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Zone1 "We Can Hunt Down a 95 YO Holocaust Participant For PERJURY, But Are Unable to Charge a Woman Who Instigated The MURDER of a Black Teenager"

Lisa558

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The prosecution didn't meet their burden of proof of 98% being beyond a reasonable doubt that he was guilty. If you're going to take a person's freedom and/or their life, our criminal justice system wants to be as reasonably sure as possible that the person they're sentencing is actually guilty.

He was held to the same standards as others similarly situation as himself, meaning the same standard as "white folks". He also was a celebrity and a lot of people liked him and refused to believe that he committed this crime.
Explain how Ron Goldman’s blood was found in OJ Simpson’s car.

(Oops….I just remembered: I am not allowed to refer to anyone who happens to be Jewish, or Newsvine pitches a fit and says I have to drag Jews into everything.)
 

AZrailwhale

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Mark Furhmans lie killed the case. Now you guys want to talk about OJ, but their is a list of murdered blacks going black 400 years wwhereby whites killed blacks and got away with it. There was even a law that allowed it to be done.


And that silly dodge about going back 400 years has no merit since blacks are dying today by mysterious suicides coincidently all by hanging.

Funny how you can remember a juror nobody else ever heard.
No, jury selection killed their case along with Lance Ito. Furman’s remarks would never have allowed by an impartial judge since they had nothing to do with the case. Just like an impartial judge wouldn’t have allowed an ACTOR to “struggle” putting on the glove he murdered two people with. An impartial judge would have forced the dream team to either use a hand mannikin or someone not involved in the case to show the size of the glove.
 

MizMolly

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Mark Furhmans lie killed the case. Now you guys want to talk about OJ, but their is a list of murdered blacks going black 400 years wwhereby whites killed blacks and got away with it. There was even a law that allowed it to be done.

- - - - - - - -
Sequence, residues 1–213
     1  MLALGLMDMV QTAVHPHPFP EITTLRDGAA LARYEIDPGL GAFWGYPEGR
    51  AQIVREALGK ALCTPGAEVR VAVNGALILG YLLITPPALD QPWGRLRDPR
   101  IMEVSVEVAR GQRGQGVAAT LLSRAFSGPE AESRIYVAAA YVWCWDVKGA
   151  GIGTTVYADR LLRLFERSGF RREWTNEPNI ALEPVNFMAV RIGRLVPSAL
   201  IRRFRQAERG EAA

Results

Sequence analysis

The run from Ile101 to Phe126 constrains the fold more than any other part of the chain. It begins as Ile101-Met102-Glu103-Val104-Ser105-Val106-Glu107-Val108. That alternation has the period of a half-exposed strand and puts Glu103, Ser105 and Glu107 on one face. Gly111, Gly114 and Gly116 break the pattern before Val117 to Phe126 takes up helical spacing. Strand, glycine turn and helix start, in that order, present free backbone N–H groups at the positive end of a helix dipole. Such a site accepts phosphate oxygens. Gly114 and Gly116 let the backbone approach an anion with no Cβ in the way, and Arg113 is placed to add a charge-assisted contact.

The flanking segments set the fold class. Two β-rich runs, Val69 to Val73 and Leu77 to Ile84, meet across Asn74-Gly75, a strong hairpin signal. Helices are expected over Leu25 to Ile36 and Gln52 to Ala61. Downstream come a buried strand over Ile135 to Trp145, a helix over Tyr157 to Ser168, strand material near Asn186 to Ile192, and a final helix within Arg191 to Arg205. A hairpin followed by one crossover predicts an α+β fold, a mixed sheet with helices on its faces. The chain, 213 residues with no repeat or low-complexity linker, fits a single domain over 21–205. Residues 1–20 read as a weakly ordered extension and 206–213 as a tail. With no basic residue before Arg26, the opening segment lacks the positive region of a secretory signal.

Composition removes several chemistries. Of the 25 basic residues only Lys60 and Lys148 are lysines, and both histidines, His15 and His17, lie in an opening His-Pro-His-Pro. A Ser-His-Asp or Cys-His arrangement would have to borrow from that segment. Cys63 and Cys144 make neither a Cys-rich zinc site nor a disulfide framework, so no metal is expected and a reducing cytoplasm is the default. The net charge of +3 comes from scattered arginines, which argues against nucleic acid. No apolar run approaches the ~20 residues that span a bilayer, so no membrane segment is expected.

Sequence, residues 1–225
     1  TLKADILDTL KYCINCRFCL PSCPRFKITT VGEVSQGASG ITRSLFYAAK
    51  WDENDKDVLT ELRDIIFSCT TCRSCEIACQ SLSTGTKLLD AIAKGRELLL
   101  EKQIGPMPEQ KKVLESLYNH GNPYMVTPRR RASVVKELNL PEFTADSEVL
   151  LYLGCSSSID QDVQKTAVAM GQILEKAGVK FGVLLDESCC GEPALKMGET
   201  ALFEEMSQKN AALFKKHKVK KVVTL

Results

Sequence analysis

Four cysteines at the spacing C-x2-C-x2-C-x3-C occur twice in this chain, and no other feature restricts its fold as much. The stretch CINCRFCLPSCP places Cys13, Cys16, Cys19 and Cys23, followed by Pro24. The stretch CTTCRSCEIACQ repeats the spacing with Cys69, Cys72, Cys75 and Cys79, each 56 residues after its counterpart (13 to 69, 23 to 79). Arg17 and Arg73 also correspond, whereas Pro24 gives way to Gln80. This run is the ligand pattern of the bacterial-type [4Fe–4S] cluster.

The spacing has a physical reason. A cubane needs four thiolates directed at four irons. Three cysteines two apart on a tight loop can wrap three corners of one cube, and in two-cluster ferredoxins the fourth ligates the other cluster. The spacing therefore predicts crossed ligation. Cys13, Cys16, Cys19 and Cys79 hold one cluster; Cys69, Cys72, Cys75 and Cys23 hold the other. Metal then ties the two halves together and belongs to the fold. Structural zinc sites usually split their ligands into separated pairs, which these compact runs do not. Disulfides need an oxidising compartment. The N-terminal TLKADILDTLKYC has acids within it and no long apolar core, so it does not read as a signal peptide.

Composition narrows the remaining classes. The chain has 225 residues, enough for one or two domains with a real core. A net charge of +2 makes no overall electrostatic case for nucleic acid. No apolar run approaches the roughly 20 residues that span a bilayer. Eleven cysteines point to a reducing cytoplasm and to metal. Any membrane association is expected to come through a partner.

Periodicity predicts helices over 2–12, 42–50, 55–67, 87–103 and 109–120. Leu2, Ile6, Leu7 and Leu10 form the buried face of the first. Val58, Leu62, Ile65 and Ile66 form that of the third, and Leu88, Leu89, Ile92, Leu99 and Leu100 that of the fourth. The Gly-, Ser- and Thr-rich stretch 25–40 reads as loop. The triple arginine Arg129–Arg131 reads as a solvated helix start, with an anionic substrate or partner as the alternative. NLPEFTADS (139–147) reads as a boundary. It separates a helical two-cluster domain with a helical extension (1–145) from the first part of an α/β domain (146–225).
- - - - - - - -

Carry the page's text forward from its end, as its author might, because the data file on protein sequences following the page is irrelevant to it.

And that silly dodge about going back 400 years has no merit since blacks are dying today by mysterious suicides coincidently all by hanging.

Funny how you can remember a juror nobody else ever heard.
Oh, since whites killed blacks that gives blacks a free pass to kill whites now?
 

AMart

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IM2

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Oh, since whites killed blacks that gives blacks a free pass to kill whites now?
Do you see anything where I have said that? I am pointing out 400 years of whites getting away with killing blacks in contrast to you guuys brining uo OJ all the time.
 

AMart

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How did you arrive at the conclusion that her only crime was perjury and that there is inadequate evidence if she admitted she lied?

She was a participant in a conspiracy to commit murder, a murder that was motivated by a lie she told.

If you give your friend a ride to the bank and they come running out yelling at you "GO GO GO!!!" and you take off, even if you didn't know you were driving your friend to the bank to commit an armed robbery, you're still considered the get-away driver.

And if your friend shot and killed someone you can be charged as an accomplice even if you didn't know what your friends plans were or even if your friend didn't actually plan on shooting and killing anyone during the commission of the bank robbery.

What Is The Felony Murder Rule? - Michael A. Gottlieb, P.A.
You have a link for the bold. BTW bitches tell lies everyday that lead to Captain Save a Ho murdering someone.
 

IM2

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No, jury selection killed their case along with Lance Ito. Furman’s remarks would never have allowed by an impartial judge since they had nothing to do with the case. Just like an impartial judge wouldn’t have allowed an ACTOR to “struggle” putting on the glove he murdered two people with. An impartial judge would have forced the dream team to either use a hand mannikin or someone not involved in the case to show the size of the glove.
No, Furhman lie killed the case. Thats what a white jury member said.
 

IM2

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Explain how Ron Goldman’s blood was found in OJ Simpson’s car.

(Oops….I just remembered: I am not allowed to refer to anyone who happens to be Jewish, or Newsvine pitches a fit and says I have to drag Jews into everything.)
I don't think it was.
 

AZrailwhale

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No, Furhman lie killed the case. Thats what a white jury member said.
Testimony that should never have been admitted. Fuhrman using the N word while trying to sell a screenplay years before had no bearing on the case.
 

Riff Raff

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There are individuals who will go to their graves still denying that there exists any difference in the way Black people in the United States are treated versus the way many White people are treated.

When it comes to crimes, modern day crimes, I have long been documenting the differences in the way a criminal report is [allowed to be] lodged, the allegations investigated, the case referred/recommended for prosecution, then the perpetrator(s) charged, tried and sentenced when the victim is Black and the perpetrator is White.